NZTA to resume Rob Roy Hotel's “pub crawl”


The historic Rob Roy Hotel, being protected by the NZ Transport Agency as part of the Victoria Park Tunnel project in central Auckland, will be returned next Tuesday and Wednesday (12 and 13 April) to the exact spot it was built on 125 years ago. Only now, that spot is on the roof of the motorway tunnel.

The NZTA's State Highways Manager for Auckland and Northland, Tommy Parker, says the return trip will be a reversal of last year's two-day, 44-metre crawl out of the path of the tunnel construction.

"The only real difference is that while the building was pushed all the way last year, it will be pulled for approximately half the distance on its return trip. The jacking sledges will then be lifted by crane to the rear of the building so that it can be pushed to its final destination."

"The hotel's an old lady, and next week's move will be a careful and slow befitting her age, and will take at least two days," says Mr Parker.

The 1885/86 built hotel, which is owned by the NZ Transport Agency, will be restored and become the focal point of a new public square – the Rob Roy Plaza - at the intersection of Franklin Road and Victoria Street West in Freemans Bay. The plaza will be completed by the time of the Rugby World Cup.

Mr Parker says that while the future use of the building is still to be confirmed, it is almost certain to include a hospitality business which continues its tradition as a meeting place for the community.

Work last year by the Victoria Park Alliance to prepare the Rob Roy for its double move involved structural strengthening of the building and providing a new foundation on which it will move.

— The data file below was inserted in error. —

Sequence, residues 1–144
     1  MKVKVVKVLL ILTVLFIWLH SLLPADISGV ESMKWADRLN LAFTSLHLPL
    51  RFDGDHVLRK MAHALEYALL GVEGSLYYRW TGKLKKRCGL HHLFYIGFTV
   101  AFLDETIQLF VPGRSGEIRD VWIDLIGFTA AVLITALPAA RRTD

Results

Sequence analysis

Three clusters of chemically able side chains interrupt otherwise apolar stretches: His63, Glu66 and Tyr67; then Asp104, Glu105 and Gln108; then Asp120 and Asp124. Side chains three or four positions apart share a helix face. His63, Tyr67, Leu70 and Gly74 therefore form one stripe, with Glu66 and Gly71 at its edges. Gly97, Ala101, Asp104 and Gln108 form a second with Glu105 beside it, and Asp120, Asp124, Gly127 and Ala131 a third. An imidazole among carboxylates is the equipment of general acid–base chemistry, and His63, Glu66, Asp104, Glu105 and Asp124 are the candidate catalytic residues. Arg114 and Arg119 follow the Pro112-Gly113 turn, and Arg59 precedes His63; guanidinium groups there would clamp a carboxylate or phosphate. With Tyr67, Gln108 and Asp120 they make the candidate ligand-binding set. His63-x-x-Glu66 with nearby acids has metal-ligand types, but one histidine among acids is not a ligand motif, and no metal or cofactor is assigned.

The building will slide on four 40-metre long runway beams constructed parallel to Franklin Road. It will be gently muscled along the runway beams by a series of hydraulic rams - each stroke of the rams gently and slowly pushing or pulling the building forward 1.8 metres.

Mr Parker says as with last year's move, the biggest risk on the day will be any ground movement below the runway beams as the Rob Roy moves along them. "A considerable amount of the time involved in the move is therefore monitoring any variations in the ground levels and adjusting the hydraulic flat jacks which keep it level."

Mr Parker says the proposal to move the building presented exceptional engineering challenges because of the age of the hotel, which was built of brick and mortar without reinforcing.

"There were people who said it could not be done, that the building should be torn down," he adds. "But while there are still challenges ahead, we are confident that the Rob Roy will survive its return trip."

The move has been designed with the help of Wellington company Dunning Thornton Consultants which was responsible for moving the Museum Hotel to make room for Te Papa.

The Victoria Park Tunnel is one of seven roads of national significance identified by the Government as essential to New Zealand's economic prosperity. It will be the first completed, in early 2012. The motorway through St Marys Bay is being widened by one lane in each direction. This, together with the tunnel for three lanes of northbound traffic and reconfiguration of the existing viaduct for four southbound lanes, will remove the last remaining bottleneck on the motorway network through central Auckland.

Editor’s notes

The government has identified seven essential state highways projects that are linked to New Zealand’s economic prosperity. Called the roads of national significance, or RoNS for short, the NZTA is charged with substantially completing this programme of state highway improvements within the next 10 years. The RoNS programme represents one of New Zealand’s biggest ever infrastructure investments.

The seven RoNS projects are based around New Zealand's five largest population centres. The focus is on moving people and freight between and within these centres more safely and efficiently. Other RoNS may be added in future but currently from north to south the seven projects are: Puhoi to Wellsford - SH1, Completing the Western Ring Route, Auckland - SH16 and SH20, Victoria Park Tunnel, Auckland - SH1, Waikato Expressway - SH1, Tauranga Eastern Link - SH2, Wellington Northern Corridor - SH1, Christchurch Motorways. More information is available at